Wild Grass is an elegant vessel for outlandish thoughts and troubling impulses. In his rejection of cinematic naturalism, Resnais has made a movie that's both utterly contrived and compellingly lifelike.
  20. 75
    The roots of romantic feeling, as explored in Wild Grass, Alain Resnais's jazzy ode to cinema and the love impulse in later life, are equally, spectacularly random.
  21. Reviewed by: David Parkinson
    80
    A typically poignant lifestory illuminated by strong turns from Dussollier and Azéma, Alain Resnais' latest is one to stir the brain as well as the heart.
  22. With its comic-book hues, crime-caper score, overly serious narrator, interior monologues and surreal touches, Wild Grass proves Resnais is still having fun with cinematic language.
  23. 60
    Wild Grass retains a literary feel with the help of an unseen narrator, who offers intriguing poetic observations. And Resnais' visuals are equally lyrical. What can you say: The French sure know how to make pretty pictures.
  24. Reviewed by: Jordan Mintzer
    80
    The picture is marked by superb performances and a dazzling technical display by the helmer and praiseworthy cinematographer Eric Gautier.
  25. Resnais' storytelling is in top form. Turning 88 this June, he's an inspiration to us all.
  26. Reviewed by: Duane Byrge
    50
    Narratively, Wild Grass is a fractured romance, that never jells on any level, except for the backdrop visuals. Visually scrumptious, as if culled from the pages of good-taste magazines, it has the appeal of a designer catalog, and also the depth.
User Score
6.4

Generally favorable reviews- based on 14 Ratings

User score distribution:
  1. Positive: 3 out of 3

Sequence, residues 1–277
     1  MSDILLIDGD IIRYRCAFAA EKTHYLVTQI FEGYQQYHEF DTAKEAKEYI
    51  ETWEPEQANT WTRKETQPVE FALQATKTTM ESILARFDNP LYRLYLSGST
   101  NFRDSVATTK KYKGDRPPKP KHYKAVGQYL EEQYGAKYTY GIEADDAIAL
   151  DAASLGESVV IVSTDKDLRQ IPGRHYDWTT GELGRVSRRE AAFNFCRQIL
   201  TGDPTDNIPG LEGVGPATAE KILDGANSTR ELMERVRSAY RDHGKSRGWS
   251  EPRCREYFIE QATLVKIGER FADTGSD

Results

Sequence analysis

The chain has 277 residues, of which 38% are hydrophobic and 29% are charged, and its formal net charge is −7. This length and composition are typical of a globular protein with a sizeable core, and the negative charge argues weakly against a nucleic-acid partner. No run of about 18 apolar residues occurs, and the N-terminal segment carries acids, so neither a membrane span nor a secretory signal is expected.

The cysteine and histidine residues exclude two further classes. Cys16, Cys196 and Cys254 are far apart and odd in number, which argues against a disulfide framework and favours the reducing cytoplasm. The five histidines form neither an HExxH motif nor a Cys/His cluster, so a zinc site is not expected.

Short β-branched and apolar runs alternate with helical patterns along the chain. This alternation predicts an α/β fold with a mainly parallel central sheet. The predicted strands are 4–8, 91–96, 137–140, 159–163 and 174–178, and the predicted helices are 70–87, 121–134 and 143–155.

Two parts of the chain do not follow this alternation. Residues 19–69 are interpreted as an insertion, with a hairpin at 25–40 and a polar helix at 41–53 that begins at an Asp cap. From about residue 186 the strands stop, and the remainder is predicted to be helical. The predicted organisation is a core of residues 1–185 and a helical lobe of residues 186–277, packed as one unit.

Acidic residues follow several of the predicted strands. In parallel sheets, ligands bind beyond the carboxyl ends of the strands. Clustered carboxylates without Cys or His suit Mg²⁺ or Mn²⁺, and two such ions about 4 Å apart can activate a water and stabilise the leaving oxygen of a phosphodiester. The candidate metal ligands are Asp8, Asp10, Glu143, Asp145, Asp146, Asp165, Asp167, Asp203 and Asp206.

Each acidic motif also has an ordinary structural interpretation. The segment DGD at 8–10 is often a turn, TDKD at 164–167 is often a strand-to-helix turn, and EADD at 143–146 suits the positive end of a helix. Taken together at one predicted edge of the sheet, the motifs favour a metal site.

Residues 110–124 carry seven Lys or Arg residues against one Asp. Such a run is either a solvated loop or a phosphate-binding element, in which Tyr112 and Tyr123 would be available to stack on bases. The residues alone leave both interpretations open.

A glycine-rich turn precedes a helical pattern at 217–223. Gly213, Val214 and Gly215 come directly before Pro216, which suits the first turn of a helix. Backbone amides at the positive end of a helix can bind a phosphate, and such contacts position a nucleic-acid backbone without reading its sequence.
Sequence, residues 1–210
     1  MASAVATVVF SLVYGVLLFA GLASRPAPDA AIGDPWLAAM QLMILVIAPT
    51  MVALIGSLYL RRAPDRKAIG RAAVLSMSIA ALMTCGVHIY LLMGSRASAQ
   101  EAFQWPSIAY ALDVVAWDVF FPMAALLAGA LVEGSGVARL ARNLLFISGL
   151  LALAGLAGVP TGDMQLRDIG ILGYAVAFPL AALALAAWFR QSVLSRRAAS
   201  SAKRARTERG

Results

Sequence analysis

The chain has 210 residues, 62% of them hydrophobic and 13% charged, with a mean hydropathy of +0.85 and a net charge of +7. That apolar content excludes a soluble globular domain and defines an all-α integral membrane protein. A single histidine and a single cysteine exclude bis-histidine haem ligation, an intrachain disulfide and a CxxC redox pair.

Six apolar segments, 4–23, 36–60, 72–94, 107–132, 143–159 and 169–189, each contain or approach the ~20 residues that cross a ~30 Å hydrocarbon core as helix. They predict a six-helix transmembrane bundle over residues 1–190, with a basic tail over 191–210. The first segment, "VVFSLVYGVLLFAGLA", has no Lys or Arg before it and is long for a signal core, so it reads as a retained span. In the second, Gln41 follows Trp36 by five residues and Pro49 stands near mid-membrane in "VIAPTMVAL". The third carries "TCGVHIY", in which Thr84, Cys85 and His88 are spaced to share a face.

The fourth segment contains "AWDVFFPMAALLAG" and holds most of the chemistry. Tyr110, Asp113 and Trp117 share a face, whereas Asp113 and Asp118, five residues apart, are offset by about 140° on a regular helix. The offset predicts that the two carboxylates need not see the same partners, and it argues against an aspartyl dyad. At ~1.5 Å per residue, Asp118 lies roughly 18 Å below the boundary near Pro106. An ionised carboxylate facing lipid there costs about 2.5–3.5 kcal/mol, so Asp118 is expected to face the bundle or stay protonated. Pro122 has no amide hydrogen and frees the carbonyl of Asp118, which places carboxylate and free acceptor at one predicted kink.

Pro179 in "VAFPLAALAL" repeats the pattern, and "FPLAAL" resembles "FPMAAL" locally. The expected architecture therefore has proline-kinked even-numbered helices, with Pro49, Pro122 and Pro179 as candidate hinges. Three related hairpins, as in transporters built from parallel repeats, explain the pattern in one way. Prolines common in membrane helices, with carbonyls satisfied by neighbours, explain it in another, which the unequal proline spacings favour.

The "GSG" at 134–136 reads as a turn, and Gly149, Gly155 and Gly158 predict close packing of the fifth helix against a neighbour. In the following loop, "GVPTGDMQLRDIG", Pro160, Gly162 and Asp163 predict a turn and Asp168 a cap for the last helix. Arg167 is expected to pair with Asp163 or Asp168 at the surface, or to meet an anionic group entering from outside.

2. Mixed: 0 out of 3
  3. Negative: 0 out of 3
  1. Sep 19, 2010
    9
    With a surrealist spin on romantic comedy, Alain Resnais' Wild Grass features fully realized characters wrapped up in life's sublimeWith a surrealist spin on romantic comedy, Alain Resnais' Wild Grass features fully realized characters wrapped up in life's sublime silliness. It's a playful film that tantalizes us as mystery deepens. If Georges Palet (Andre Dussollier) is caught up in imagination, Marguerite (Sabine Azema) is drawn in by empathy for her benevolent stalker, a man in his sixties with memory loss who yearns for some genuine adventure in life.

    Marguerite, a 50-ish dentist weary of inflicting pain, falls in love with the idea of Georges falling in love with her. It all begins when she has her purse snatched one day by a rollerblader in a Paris shopping mall. Her bright yellow bag floats through the air, fashionable and fanciful. Marguerite's red wallet (which matches her shock of red hair), shows up empty of cash but intact near Georges' car.

    By the time Georges returns her wallet to the police, he is already enamored with the woman he's never met. After all, she has a pilot's license! The possibilities are endless.

    Marguerite calls Georges to thank him. When they finally meet, he deadpans, "You love me, then." The fact that Georges is married to a young wife Suzanne (Anne Consigny) is almost irrelevant. As the balance of power shifts and Marguerite pursues Georges, she befriends Suzanne and inserts herself as a friend of the family.

    With many asides and allusions, Wild Grass is worth seeing twice to savor its complexity. It doesnâ
    Full Review »
  2. Dec 16, 2011
    10
    Itâ
  3. Sep 18, 2010
    9
    If you're a filmgoer who needs neat, tidy plot lines and a tightly wrapped ending, do not go see this movie. If you're a fan of being provokedIf you're a filmgoer who needs neat, tidy plot lines and a tightly wrapped ending, do not go see this movie. If you're a fan of being provoked and/or incited by a director (think Von Trier or Haneke), you'll love it. It's one long meditation on our expectations as well-trained, Pavlovian, Hollywood-fed viewers. It's fantastic. Full Review »